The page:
September 5th 2014
In a sequel to events earlier this week when nude photos of celebrities alleged to have been stolen from iCloud accounts were published online by hackers, Apple has said that it will improve iCloud security after intimate pictures of celebrities were stolen and published online.
In his first interview on the issue, Chief Executive Tim Cook told the Wall Street Journal that the iCloud accounts were compromised when hackers correctly answered security questions to obtain the passwords … or from phishing scams, and that none of the IDs and passwords leaked from the company's servers.
He added, however, that in an attempt to avoid repetition of such incidents, Apple will alert users via email and push notifications when someone tries to change an account password, restore iCloud data to a new device or when a device logs into an account for the first time. He anticipates that this will start to happen in about two weeks' time.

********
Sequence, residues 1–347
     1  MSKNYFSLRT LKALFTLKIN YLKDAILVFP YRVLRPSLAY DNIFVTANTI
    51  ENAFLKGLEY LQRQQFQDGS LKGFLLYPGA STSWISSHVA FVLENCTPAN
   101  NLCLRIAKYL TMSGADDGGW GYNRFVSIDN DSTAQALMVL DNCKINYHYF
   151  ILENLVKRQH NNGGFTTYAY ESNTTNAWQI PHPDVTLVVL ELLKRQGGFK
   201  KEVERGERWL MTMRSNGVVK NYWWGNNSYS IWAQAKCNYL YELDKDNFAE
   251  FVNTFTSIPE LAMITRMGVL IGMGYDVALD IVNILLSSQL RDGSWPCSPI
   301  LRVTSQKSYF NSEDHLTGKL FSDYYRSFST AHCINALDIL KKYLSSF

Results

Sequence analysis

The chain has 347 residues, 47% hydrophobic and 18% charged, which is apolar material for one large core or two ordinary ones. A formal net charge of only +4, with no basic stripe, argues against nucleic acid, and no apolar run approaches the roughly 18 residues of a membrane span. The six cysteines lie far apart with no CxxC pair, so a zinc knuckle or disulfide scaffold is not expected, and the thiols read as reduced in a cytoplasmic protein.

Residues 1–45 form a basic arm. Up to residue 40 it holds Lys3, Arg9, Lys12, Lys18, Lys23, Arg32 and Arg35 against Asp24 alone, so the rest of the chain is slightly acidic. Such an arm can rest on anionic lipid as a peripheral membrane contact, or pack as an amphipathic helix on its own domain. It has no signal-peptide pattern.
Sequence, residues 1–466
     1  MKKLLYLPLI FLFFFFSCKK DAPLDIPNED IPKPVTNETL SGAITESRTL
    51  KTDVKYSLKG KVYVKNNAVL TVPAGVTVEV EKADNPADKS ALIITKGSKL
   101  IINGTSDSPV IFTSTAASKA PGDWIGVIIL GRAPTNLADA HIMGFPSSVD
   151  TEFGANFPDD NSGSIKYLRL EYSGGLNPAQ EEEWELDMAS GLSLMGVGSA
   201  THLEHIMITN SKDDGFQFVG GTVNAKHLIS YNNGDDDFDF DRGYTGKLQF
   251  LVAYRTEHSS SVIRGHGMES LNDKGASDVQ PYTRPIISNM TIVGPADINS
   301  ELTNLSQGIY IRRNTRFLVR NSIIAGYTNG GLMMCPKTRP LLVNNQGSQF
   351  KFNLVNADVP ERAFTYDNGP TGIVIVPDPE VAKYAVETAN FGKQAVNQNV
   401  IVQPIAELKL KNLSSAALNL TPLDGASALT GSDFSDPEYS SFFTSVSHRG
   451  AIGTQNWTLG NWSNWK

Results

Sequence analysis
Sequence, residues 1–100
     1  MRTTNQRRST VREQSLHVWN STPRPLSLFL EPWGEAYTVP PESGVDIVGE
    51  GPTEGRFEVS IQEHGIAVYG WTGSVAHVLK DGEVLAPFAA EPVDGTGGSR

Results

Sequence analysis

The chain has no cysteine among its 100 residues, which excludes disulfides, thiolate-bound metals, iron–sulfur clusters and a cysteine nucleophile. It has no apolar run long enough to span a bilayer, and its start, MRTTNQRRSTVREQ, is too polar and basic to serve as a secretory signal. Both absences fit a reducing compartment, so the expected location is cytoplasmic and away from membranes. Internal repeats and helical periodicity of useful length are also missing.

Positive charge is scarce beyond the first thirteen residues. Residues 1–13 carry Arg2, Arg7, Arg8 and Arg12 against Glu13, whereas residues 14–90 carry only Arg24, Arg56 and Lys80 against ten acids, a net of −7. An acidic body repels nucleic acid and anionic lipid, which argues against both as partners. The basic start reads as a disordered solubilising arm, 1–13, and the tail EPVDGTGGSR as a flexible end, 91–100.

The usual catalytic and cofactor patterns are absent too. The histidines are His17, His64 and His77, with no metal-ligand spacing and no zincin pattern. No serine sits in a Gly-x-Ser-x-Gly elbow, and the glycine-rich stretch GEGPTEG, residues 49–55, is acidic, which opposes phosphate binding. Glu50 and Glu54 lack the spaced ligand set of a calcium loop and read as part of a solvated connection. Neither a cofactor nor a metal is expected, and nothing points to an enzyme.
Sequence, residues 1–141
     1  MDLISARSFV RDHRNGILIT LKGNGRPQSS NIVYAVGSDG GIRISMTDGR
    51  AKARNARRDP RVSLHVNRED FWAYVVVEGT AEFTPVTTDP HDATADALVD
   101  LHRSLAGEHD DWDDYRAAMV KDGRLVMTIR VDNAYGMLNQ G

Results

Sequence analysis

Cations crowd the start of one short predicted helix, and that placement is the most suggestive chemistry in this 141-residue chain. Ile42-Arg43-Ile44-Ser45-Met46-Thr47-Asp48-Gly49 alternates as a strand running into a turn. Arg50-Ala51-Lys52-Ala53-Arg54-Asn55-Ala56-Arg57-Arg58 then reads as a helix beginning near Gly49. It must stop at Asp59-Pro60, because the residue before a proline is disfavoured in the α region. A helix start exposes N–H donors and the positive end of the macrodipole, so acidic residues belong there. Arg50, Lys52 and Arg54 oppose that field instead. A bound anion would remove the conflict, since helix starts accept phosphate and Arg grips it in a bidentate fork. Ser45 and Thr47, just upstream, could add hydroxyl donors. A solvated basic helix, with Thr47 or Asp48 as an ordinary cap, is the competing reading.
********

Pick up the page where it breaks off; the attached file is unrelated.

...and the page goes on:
Mr Cook told the Wall Street Journal "When I step back from this terrible scenario that happened and say what more could we have done, I think about the awareness piece. I think we have a responsibility to ratchet that up. That's not really an engineering thing."
He also responded to criticism that the company had not focused enough on the security of its products by referencing Touch ID, the iPhone 5S fingerprint sensor which can be used to unlock the phone and authorise purchases. Mr Cook added that its two-factor authentication will be enhanced. This requires three things to access an account: password, separate four-digit IN, or a long access key provided on sign-up. Two of these steps are required to be completed to sign into and iTunes account from a new device when the feature is activated. It will also cover access to iCloud accounts from a mobile device with the release of the next version of iOS, due later this month.